Aug 19, 2019 | Updated: 09:43 PM EDT

US Nuclear Assets Could Be Leaking Radioactive Substances Into The Sea

May 20, 2019 02:28 PM EDT

Nuclear Waste
(Photo :

PACIFIC OCEAN -- The nuclear weapons from the Cold War could be leaking radioactive wastes in the Pacific Ocean. This may not seem like the biggest problem the world is suffering from today, but if it were deemed true, it could pose serious damages not only to the environment but to human's overall health and survival as well.

Antonio Guterres, the UN Secretary-General, said there is a concrete dome in Runit Island in the Pacific that was built in the 1970s. It became the home to the massive atomic bomb tests conducted after World War II happened. He said that the same concrete dome could be polluting the sea with toxic sludge.

"The Pacific has already fallen victim in the past that's something the world history takes note of," Guterres said. He was referring to the nuclear explosions that were carried out in the area by France in collaboration with the US government.

The island nation used to be the base where roughly 67 nuclear weapons owned by the US were tested. The tests were conducted on the nuclear bombs that were also used during the war. In fact, it included "Bravo" the hydrogen bomb, the most powerful bomb detonated by the US. it was considered 1,000 times bigger than the A-bomb that was used in the Hiroshima bombing.

Due to the radioactive fallout during this time, many residents of the Marshall Islands had to be evacuated. Their exposure to such types of radioactive materials could have caused serious damages to their health.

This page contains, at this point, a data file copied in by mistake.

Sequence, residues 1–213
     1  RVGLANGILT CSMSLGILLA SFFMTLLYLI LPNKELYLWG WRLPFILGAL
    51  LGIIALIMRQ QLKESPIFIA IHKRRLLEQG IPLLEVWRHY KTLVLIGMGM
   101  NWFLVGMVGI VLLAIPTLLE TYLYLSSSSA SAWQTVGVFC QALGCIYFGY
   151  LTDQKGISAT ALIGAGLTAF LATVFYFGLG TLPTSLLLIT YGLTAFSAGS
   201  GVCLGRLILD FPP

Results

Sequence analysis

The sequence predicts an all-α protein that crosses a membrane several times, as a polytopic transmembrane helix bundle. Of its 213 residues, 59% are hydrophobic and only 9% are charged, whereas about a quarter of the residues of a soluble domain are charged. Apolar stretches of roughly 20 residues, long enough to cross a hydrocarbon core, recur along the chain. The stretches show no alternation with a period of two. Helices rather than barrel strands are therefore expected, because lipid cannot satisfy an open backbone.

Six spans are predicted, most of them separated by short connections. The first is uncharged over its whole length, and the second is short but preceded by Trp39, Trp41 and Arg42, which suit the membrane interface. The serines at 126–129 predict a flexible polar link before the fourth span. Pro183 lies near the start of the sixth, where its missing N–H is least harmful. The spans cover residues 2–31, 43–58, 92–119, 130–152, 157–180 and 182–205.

"I have sat down with the president of the Marshall Islands. Ms. Hilda Heine expressed her concerns about the risk of leaking radioactive materials in the coffin area," Guterres said. He is currently in a tour to raise awareness on climate change.

Radioactive ash and soil from the blasts were carefully put in a crater that is covered by an 18-inch think dome. It was seen as the most economical and safe fix at that time. However, changes in the weather conditions have caused cracks on the concrete and there are fears that it might just break apart when a strong tropical cyclone hits the area.

"A lot of things should be done to address the problems that were caused by the explosions. It is not just about the environment at risk, but it is also about how such leaks could impact the communities," he added.

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